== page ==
Rules and Roses
When it comes down to acclaim in the yearbook, my class rank would probably earn me my only entry, but very little else. I don’t wear cosmetics, do my hair or really give a damn about my appearance in general. I don’t need to be cool, and I’ve managed my high school career navigating all the different groups from the nerds to the jocks to the theatre kids and the band geeks.
Kicking off senior year, my only focus is to make every AP class count and keep my grades up. Shouldn’t be hard, particularly with my so-called untouchable status. Oh yeah, imagine that—I had a reputation. Hadn’t been a blip on my radar until the end of junior year when one of the girls’ dropped that little nugget on me. Apparently, the guys at school considered me the best girl to hang out with for fun or homework, but nothing else.
While I’m not looking for a date, it’s a little hard to swallow that I ranked as the best bud and tutor, but would definitely never fall into the Girl Most Likely To Get Asked Out.
Pfft. What did I care? One more year and I was off to college, so what if the numbers of female friends I used to have drifted off and I’d scored a permanent seat in the friend zone. I had subjects to study, grades to maintain, and colleges to get into. Fine, I didn’t care about the rules or status before, and I wouldn’t now.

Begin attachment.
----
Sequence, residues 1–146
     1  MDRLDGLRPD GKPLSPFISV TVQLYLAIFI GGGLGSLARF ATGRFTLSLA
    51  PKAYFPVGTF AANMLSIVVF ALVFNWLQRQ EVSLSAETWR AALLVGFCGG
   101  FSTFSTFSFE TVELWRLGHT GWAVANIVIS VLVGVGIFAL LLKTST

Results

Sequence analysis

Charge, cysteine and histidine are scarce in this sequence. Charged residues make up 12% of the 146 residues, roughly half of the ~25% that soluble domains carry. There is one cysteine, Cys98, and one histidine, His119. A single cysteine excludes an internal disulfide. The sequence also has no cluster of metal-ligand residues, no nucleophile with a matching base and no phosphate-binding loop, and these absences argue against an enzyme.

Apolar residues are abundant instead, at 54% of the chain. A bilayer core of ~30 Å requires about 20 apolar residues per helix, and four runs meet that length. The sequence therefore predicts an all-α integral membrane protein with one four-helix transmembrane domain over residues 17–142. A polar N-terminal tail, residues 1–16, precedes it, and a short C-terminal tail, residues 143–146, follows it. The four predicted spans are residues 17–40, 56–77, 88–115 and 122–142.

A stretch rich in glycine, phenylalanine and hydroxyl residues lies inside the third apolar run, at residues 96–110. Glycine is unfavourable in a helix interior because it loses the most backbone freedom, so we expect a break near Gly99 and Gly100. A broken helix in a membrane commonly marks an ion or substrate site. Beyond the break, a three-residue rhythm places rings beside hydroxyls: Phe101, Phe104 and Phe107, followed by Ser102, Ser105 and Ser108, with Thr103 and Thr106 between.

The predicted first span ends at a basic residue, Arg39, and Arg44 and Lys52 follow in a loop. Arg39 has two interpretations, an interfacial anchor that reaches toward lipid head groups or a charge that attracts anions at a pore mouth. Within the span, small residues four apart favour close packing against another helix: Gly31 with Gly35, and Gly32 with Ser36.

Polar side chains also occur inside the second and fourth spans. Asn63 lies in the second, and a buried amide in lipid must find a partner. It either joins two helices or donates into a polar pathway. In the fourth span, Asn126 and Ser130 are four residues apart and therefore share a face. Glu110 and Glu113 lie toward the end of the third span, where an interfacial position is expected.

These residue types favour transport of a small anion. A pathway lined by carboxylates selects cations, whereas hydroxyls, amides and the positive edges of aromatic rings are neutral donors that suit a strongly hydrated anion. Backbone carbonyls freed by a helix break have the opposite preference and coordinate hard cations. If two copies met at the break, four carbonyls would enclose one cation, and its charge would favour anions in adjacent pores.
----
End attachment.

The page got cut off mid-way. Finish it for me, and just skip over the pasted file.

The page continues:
181 class days to go, and I’ll graduate. No problem, right?
“Frankie,” Mom called. “You’re going to be late.”
“I’m not going to be late,” I yelled, not bothering to straighten from where I was digging under the bed for my shoes. I had one, the other was just almost out of—got it. Fingers hooked into the heel of the sneaker, I yanked it out and then pivoted to sit on the floor so I could put on my shoes.
Tiddles eyed me from his perch on my windowsill. He paused mid-groom as though I’d disturbed him with my antics. Shoes on, I stood and gave the black feline a scratch under his chin. He purred his approval then resumed his grooming as I snagged my backpack, made sure my wallet was secured where it went, then checked for my keys before giving the room a once over.
Bed not made. Clothes still in the hamper because I didn’t have time to do laundry over the weekend. My uniform stuck out of the top with its ugly ketchup stain prominent as if giving me the bird. Fine, I’d do laundry after school. I didn’t work again until Wednesday, anyway.